Wednesday, July 8, 2009

Dr. Zizmor and the "compensated spokesperson"

One of the unique pleasures of riding the subway is reading the advertisements that line the upper reaches of most of the cars. There are countless ads promoting New York’s many institutions of higher education, frequent appeals to visit some nearby pleasure spot, and sometimes entire coaches devoted to hawking a single product such as sugarless gum or the virtues of shopping at Target.

My favorites, though, without question, are the lawyer and doctor ads. One physician in particular, a dermatologist named Jonathan Zizmor, is a fixture on the subway walls. Aging, but naturally possessing excellent skin, Dr. Zizmor’s benign, almost beatific smile graces most of these promotions, accompanied by the reminder that if you should be so wise as to select Dr. Zizmor as your “complexion analyst,” you will depart his office smiling broadly, free of blackheads, and proclaiming in a loud, colorful, and almost musical voice – “THANK YOU, DR. ZIZMOR, FOR MAKING MY SKIN BEAUTIFUL AND CLEAR.”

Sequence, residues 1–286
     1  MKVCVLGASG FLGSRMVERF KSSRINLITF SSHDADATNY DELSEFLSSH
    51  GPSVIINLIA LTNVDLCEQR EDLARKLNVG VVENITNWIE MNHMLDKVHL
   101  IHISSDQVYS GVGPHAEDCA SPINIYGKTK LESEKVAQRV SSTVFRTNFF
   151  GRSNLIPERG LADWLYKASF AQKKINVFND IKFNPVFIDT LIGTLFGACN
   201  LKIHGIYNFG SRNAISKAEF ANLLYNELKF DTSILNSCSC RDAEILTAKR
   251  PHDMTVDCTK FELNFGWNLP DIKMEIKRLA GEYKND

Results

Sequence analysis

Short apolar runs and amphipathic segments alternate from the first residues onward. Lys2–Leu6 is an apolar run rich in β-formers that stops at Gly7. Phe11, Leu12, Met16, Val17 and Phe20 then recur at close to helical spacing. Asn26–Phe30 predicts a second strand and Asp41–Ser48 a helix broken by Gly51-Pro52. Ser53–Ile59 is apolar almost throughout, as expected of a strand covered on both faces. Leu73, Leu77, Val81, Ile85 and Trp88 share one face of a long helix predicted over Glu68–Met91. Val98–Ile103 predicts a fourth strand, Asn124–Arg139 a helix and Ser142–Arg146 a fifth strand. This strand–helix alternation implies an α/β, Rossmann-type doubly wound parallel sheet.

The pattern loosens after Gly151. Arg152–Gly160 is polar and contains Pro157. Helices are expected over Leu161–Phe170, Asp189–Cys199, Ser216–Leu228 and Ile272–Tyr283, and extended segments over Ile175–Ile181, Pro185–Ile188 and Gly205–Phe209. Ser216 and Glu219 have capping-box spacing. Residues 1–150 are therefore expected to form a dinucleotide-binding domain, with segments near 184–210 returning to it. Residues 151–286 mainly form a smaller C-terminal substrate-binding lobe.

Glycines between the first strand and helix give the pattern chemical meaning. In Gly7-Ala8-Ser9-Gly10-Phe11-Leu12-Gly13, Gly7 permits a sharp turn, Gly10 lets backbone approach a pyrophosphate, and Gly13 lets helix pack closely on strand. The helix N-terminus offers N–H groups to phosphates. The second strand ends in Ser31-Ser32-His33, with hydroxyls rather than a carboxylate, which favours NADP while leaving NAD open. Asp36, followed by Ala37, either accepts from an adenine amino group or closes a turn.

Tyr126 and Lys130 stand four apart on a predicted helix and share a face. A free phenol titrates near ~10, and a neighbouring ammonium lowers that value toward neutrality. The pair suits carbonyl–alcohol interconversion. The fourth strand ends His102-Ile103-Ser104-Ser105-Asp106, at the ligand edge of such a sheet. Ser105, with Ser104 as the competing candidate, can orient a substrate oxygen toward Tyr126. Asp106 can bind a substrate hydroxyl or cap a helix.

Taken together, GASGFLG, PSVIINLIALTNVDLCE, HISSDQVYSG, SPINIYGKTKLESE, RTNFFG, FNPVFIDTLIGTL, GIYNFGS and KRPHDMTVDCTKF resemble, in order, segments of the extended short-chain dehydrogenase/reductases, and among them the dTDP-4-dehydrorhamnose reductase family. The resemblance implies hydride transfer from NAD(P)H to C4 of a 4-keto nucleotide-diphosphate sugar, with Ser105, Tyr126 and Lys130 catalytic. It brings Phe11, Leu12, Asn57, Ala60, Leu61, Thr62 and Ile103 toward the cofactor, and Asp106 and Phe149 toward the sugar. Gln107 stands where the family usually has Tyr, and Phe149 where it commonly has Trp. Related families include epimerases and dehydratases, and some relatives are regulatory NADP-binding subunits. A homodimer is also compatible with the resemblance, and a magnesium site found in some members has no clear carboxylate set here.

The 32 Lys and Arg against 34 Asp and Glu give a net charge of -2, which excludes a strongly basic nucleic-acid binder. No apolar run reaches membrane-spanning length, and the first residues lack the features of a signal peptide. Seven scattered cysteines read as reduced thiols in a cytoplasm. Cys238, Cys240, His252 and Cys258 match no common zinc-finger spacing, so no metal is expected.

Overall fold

Best of all is the law firm that pledges to represent you against any eventuality: reckless drivers, immigration officials, bankruptcy, flood, surgery gone wrong, a vengeful spouse. Plastered across all of these billboards is a rather ordinary but vaguely familiar looking man who has a concerned, mildly wary look on his face. Beside his picture is the name John Roland, and underneath his name are the words, “compensated spokesperson.” Compensated spokesperson? For what? Looking wary? And since when does he speak? Of course, it turns out that John Roland is a former news anchor who has done numerous TV ads in which he does actually talk. But for those unaware of his television fame it is wryly amusing to see him listed as a compensated spokesperson for a print ad that gratefully cannot speak.

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